Is There A Driverless Car In Your Future?
ARUN RATH, HOST:
Finally, on Tuesday, Google pulled back the curtain.
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UNIDENTIFIED WOMAN: There is no steering wheel in the way.
RATH: The Google video is like and Ipad ad. The gentle music, the real people - who quickly get over the weirdness of the car with no steering wheel or brake pedal and are soon giggling as they enjoy their ride. Brad Templeton has written extensively about self-driving cars and has advised Google on their program. I asked him how long before we're seeing these things out on the road?
BRAD TEMPLETON: Well, Google has said they're going to be letting people, non-Google employees, into it fairly soon - within a year. Now actually making it for sale or available for rent is far more likely as something that will come a little bit later. But the car companies have been saying they'll be selling offerings by 2020 themselves. And Google originally said 2017, Elon Musk said that Tesla would sell the car by 2016. Volvo has said they will have people in cars around that time, too. So it is definitely going to be on the road in the later part of this decade and really taking over the world the 2020s.
RATH: What do you think are the biggest hurdles that remain between now and then in terms of getting the car out there in numbers?
TEMPLETON: Well, the answer to your first question actually is the hurdle because there isn't a fixed date. What there is, is a goal of making a vehicle that drives more safely than people do. Now that's both easy because people drive very badly, but also very hard at the same time. And everyone involved is really just focused on making it possible to prove that they've making a vehicle that safe. And then they'll sell them as soon as they believe they can do that. Google has a big lead in that area. They've announced that they've done at least 700,000 miles of testing of their vehicles in the roads around California. Other companies aren't nearly as far long, but they're all working on it.
RATH: So, you've been thinking about this for a while. And I know that once the driverless car is on the road for you, that's just the start. How will this affect the design of the car?
TEMPLETON: Well, what Google has done is particularly interesting there because their cars don't have a steering whee, and they're cars that can operate unmanned, which means they can actually deliver themselves to you. This is a car which can go often recharge or refuel itself. And this is a car which can go and park and store itself. And those things have big consequences for the energy we use in transportation and for our cities.
Many people don't realize just how much of our lives and our cities we've given over to the car. A quarter of the energy in the United States goes to personal transportation, a quarter of the greenhouse gases. So it's really such a huge part of our lives, even when you forget about the biggest thing of all, which is the 33,000 Americans who die in car accidents every year and the millions more who are injured.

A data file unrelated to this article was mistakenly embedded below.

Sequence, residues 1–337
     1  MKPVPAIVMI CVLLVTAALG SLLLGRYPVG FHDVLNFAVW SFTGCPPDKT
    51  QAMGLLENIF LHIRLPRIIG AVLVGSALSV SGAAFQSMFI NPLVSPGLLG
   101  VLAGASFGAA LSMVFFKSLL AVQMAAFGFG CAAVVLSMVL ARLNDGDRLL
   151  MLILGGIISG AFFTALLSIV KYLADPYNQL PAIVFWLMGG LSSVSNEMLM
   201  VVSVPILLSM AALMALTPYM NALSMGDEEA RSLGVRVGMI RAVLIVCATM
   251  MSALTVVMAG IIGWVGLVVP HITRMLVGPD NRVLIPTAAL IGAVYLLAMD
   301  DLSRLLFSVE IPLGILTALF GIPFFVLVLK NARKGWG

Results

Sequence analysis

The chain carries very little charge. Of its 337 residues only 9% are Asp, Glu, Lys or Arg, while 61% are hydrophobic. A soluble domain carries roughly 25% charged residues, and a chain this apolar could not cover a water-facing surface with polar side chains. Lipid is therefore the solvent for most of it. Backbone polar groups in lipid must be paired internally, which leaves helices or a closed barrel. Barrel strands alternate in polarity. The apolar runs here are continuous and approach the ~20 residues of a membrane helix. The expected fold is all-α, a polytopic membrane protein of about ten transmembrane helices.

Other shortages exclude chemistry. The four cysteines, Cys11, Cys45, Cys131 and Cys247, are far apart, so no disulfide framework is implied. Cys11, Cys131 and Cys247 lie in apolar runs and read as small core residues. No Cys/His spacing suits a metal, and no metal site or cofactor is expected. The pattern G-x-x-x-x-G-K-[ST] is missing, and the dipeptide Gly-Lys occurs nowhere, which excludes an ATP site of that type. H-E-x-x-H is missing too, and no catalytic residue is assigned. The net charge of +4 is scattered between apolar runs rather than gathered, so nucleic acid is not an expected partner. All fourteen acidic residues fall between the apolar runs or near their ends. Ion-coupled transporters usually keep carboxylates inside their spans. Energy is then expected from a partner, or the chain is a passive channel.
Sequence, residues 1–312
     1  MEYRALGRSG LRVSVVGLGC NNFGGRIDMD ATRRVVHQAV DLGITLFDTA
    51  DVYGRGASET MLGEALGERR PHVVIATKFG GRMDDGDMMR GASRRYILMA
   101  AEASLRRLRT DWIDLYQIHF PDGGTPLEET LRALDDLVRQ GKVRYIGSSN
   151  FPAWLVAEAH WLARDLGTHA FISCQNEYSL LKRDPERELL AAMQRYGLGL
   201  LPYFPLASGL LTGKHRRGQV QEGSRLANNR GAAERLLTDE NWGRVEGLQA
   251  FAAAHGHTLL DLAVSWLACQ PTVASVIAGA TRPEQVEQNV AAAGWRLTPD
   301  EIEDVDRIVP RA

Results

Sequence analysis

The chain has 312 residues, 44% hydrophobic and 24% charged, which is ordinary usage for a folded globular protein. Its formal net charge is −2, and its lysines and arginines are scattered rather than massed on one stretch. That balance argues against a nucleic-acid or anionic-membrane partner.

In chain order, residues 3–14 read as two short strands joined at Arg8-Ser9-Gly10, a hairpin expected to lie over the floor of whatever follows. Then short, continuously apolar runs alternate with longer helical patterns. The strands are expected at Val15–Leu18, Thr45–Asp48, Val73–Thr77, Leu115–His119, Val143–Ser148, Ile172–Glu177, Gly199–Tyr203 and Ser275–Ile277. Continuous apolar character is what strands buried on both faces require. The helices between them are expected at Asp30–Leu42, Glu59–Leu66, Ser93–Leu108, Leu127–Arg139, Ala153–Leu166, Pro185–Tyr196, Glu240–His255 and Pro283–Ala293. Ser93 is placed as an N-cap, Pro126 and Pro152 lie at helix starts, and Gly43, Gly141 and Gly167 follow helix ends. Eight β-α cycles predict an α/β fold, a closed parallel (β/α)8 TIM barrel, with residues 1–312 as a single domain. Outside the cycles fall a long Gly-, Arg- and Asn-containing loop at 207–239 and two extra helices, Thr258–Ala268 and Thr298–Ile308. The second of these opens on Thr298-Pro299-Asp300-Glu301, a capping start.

RATH: Do you see any downside here? I would at least think that there's going to be job loss from people who drive for a living.
TEMPLETON: That's certainly true. And unlike people who build an industrial robot, who build it for the purpose of replacing a worker, nobody is building this for the purpose of replacing the worker. It's going to happen. But it's not the goal of the people working on it. Now there are other downsides possible to. There are people who might take this instead of going green with it, they might decide they want to live three hours away from the city and sleep on their commute every day. We could get more sprawl instead of less. We could get people who don't walk anywhere anymore, and so they don't get fitness. We could get governments demanding that they have control of the vehicles and they can take them over and tell your car to take you to jail like happens in the movie "Minority Report" with Tom Cruise. We could see privacy invaded. The NSA is already watching everything we do. Soon they'll be able watch everywhere he go.
Nothing is perfect. Nothing is without its downsides. But boy, as you may have mentioned 1.2 million people around the world killed every year in car accidents. That's like curing one of the world most dangerous diseases. And it's worth the risk of those downsides to try and do that.
RATH: That's Brad Templeton. You can read more of his thoughts on driverless cars at his website, templetons.com. Brad, thanks very much.
TEMPLETON: Thanks very much, too. And I hope to see you in a self-driven car soon.
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